1. It’s in my body since I’ve been developing this activity for almost ten years. It starts out in your mind, but pretty soon you feel the teaching in your body. I thought those kids were really there as well. They had faces and everything.

  5. Very helpful, particularly for me how slow, how you introduced jobs, and in particular the quiz writer. I’ve noticed you (Ben) in previous videos check on the quiz writer, but didn’t realize why you did so. The thing about directly speaking to the theoretical unresponsive boy in the back.

    I had very successful, similarly organized first classes with two groups: exploratory 4th grade and incoming 5th grade (they now chose Chinese for a 4-year stint with me). I am calling it “Circling with Names” because I have found it must be simpler than hobbies — whether because of the age of my students, and/or the unfamiliarity of the Chinese language — and names personalize the class really well and fast. It provides a lot of laughter by about 4 or 5 questions into it and then it really gets fun. Plus, I get to finish by telling each child, by name, goodbye at the end of the first class. I hope to make a short video explaining it and hope it will help elementary and/or Chinese teachers particularly. I kept it within 6 words and 2 or 3 question words: 8 different syllables of new sound in total (plus names in English). We worked it for about 20-25 minutes and there was a really positive vibe the whole time.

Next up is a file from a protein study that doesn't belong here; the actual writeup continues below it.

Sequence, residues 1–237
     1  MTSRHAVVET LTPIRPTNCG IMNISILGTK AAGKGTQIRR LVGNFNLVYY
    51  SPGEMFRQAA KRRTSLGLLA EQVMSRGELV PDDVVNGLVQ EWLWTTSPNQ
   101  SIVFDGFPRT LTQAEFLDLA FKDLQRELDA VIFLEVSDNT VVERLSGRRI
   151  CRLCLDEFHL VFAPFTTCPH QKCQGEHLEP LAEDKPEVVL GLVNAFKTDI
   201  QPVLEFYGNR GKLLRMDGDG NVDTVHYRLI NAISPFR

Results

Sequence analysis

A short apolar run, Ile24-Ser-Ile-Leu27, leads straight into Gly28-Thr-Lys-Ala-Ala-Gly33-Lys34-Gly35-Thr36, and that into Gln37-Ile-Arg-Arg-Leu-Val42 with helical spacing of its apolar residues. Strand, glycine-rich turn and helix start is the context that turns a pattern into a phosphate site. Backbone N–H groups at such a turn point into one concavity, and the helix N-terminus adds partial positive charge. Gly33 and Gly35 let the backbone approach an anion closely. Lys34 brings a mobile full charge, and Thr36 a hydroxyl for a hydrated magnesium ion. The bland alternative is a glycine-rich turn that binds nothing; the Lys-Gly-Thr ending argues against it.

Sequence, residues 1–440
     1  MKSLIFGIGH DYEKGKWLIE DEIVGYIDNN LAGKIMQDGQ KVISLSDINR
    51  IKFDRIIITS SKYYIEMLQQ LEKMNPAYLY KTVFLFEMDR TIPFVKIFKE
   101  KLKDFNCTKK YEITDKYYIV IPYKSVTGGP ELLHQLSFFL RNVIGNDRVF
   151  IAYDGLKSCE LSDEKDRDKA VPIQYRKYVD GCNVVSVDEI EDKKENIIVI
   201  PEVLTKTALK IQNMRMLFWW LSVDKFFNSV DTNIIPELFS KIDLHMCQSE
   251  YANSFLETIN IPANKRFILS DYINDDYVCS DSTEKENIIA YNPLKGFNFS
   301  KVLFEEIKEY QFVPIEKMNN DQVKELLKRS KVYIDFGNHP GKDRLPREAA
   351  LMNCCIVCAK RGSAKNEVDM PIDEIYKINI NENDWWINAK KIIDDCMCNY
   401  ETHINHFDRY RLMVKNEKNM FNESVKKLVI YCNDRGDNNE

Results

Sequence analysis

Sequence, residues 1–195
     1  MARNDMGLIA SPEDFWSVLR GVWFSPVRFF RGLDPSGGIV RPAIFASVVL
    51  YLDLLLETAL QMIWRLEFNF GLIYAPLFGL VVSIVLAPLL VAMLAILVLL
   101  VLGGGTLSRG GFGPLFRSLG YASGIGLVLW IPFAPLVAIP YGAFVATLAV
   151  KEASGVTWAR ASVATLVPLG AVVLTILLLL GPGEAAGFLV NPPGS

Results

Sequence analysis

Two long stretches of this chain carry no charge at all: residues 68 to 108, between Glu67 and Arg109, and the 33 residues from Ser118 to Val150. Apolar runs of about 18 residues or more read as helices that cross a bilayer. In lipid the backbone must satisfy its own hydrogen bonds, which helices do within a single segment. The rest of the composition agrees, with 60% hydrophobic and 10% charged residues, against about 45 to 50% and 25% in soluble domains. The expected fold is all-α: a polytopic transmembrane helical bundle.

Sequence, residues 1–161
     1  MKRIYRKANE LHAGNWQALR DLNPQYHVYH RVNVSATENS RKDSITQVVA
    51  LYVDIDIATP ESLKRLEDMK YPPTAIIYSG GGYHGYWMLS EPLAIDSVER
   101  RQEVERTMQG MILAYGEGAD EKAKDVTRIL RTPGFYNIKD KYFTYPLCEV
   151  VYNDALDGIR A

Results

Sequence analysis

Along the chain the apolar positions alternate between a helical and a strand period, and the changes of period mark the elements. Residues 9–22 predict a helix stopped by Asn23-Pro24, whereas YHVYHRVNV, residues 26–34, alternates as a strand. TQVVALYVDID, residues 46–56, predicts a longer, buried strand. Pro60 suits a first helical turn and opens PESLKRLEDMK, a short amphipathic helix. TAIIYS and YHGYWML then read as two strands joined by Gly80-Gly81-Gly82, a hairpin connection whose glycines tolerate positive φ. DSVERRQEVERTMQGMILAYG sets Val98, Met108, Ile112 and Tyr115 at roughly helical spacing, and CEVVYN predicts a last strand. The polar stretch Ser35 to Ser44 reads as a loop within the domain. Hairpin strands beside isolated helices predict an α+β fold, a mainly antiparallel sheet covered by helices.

1. Oops, kind of didn’t finish this thought: The thing about directly speaking to the theoretical unresponsive boy in the back, more or less checking “are you with us?” before he gets settled into being passive. That was good to read. Confirmed my instincts on that point.

  6. Brilliant to circle only the names with Chinese. Simplifying things in Chinese cannot be done enough. Annick and Diana have told me that it takes two years of Chinese CI to equal one of non-Chinese CI. And if you make a video on this it will help teachers on the elementary level as well as our Chinese teachers here.

  7. In small groups when I have only had a few minutes to demo TPRS, I have done circling with nicknames. It can be really fun even when people all know each other very well.

  8. Thanks for this video, Ben. I had a lot of aha moments as you stretched one sentence out for such a long time. Repeating with different emotions, repeating with rhythm, acknowledging different kids, training the kids in CI (insisting that they gesture for help, and the repetitions that that brought), giving them a sort of brain break by pausing and applauding/celebrating them. I felt the kids in the room too.